Characters: Dr. Kim Matsumoto, Tomás Darquin
The sun was slanting long through the side windows, shadows stretching, by the time Darquin finished his explanations. Ginessa was quite through most if it, only stopping him for clarifications from time to time, especially Sheridan’s apparent death and return from Z’ha’dum. That story was already the stuff of legend and controversy within the Army of Light as it was. At one point without asking, she got up, started preparing coffee, and brought the pot over to the table with mugs. As he finished his account of the Agamemnon emerging wounded and intact through the dying embers of the last missile platform in orbit, Darquin watched her face as she poured out the mugs, recognizing the expression from just the day before. She was trying to regain her grasp on a universe that had radically changed.
He accepted his cup with both hands. “Thank you… I know it all sounds real off-the-wall.”
“More than a little, but too much of it fits not to believe you.” She sat down to cradle her own mug of coffee. “I had thought this was bad enough, but in a way… Earth came through this easily by comparison.”
“Well, I dunno about that.”
“Better than a blackened husk, you must admit,” she pointed out. She was still working to grasp ships that could kill worlds, and beings perhaps even older than the worlds they destroyed.
“You got me there. It’s just hard to feel better when you see all the dead… hanging out there.”
“I know,” she nodded, speaking quietly. “I remember the war with the Minbari well enough. I was drafted in as a medical officer then… We had our work cut out for us, and it was more a mortician’s job than a doctor’s, too often.”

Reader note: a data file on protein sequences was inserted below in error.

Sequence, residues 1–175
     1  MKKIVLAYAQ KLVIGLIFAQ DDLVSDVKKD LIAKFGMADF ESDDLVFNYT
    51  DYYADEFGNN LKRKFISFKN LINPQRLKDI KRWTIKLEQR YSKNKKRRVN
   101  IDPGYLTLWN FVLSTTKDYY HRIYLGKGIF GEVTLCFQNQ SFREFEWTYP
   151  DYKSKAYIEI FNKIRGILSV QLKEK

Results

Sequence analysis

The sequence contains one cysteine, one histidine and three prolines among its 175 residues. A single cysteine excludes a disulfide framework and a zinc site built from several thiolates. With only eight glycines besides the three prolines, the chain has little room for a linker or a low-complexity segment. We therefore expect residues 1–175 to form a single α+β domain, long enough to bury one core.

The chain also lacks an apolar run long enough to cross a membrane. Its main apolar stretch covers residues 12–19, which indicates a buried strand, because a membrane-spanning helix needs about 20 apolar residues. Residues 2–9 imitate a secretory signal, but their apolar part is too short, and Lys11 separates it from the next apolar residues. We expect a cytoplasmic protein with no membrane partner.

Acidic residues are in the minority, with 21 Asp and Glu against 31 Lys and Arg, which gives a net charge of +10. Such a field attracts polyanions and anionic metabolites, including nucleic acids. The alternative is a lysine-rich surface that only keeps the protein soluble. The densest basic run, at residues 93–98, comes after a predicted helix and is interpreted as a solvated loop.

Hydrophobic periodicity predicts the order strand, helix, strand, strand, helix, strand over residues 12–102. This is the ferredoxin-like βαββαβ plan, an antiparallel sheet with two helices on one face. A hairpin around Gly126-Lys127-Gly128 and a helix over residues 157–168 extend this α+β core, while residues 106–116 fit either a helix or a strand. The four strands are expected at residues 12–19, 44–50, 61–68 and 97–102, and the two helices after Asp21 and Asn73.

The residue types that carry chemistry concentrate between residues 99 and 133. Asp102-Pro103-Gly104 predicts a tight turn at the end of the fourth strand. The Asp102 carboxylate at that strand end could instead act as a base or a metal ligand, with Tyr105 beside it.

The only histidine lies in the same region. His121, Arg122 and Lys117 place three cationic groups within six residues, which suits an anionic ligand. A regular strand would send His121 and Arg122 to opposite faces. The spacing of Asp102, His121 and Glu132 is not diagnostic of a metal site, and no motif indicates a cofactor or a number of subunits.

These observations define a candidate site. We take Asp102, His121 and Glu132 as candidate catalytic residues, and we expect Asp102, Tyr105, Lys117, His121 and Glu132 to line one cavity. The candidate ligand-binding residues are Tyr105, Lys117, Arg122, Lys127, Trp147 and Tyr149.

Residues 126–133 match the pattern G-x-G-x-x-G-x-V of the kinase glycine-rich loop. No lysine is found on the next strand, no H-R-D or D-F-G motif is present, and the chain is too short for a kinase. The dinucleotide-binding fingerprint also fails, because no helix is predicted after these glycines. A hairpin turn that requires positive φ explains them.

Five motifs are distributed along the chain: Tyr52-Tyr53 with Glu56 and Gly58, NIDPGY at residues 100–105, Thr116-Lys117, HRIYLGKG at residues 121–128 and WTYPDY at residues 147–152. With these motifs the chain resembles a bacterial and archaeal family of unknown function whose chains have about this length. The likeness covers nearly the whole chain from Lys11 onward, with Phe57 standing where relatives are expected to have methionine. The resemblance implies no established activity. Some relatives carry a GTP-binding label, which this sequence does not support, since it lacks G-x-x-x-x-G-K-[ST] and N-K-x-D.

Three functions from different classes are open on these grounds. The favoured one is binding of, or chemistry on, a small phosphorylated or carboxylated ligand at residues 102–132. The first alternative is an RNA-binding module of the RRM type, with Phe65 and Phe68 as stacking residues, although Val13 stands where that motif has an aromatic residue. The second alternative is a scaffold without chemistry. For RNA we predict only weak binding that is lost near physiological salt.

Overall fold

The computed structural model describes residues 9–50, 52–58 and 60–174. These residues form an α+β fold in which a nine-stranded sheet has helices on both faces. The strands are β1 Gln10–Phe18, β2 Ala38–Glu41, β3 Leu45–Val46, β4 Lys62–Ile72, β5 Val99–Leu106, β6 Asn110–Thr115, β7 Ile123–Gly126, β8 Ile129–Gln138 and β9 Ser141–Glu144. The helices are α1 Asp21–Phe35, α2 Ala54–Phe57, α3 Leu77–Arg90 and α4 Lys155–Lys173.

Darquin nodded soberly. “I sure hope we don’t have to go through another one.”
“We can hope.” She was quiet a few moments, shaping her thoughts. “There’s something else I wanted to ask you, but it’s nothing to do with all this.”
Darquin chuckled briefly. “Sure, what is it?”
“I’m not sure Kim would give me a straight answer to this one, but there’s reason for getting one, I believe. If you know her at all well you must know about her brother. Do you know any reason why he’d call just a day before you both appear?” She watched him closely for his reply.
Darquin stopped to think and hit on an unpleasant thought. “Probably… because another Psi-Cop we know tipped him off.”
“But why? His interest in her confused me since it reappeared while she was in college, but even now when she’s been missing for years?”
“I guess you could say… they got this idea that she falls in their jurisdiction.”
She frowned, then stiffened slowly. “You don’t mean….?”
He shrugged, raising his hands. “That’s what they seem to think. I can’t say why.”
Ginessa nodded, but kept her worried suspicions for now to herself. “She’s safe, then, with the Rangers?”
“If we have anything to say about it. I suppose they could try anyway, but they’d get a galactic incident on their hands… maybe a faceful of White Stars.”
She was somewhat reassured. “It’s not exactly the kind of job one would wish on family, but maybe it’s the best one for her after all.”
“Well, she knows her path better than either of us–”
Both heads turned at that moment, to the opening of the kitchen door. Kim stepped through, followed closely by the man Darquin had to guess was her grandfather. Tall and broad, his skin repeatedly burned to a brown-red, he looked very different from his wife. Rough hands brushes back over white hair as stepped in with the carriage of one long in military service. Under the short cropped hair, pale husky blue eyes fell critically on Darquin like flashlights in a darkened theater.
Years of Earthforce training and experience made Darquin snap to attention. “Sir.”
A faint, tired smile crossed Kim’s face, but she said nothing.
“Tomas Darquin, isn’t it? Shawn Peterson,” the older man introduced himself shortly, holding out one hand across the table.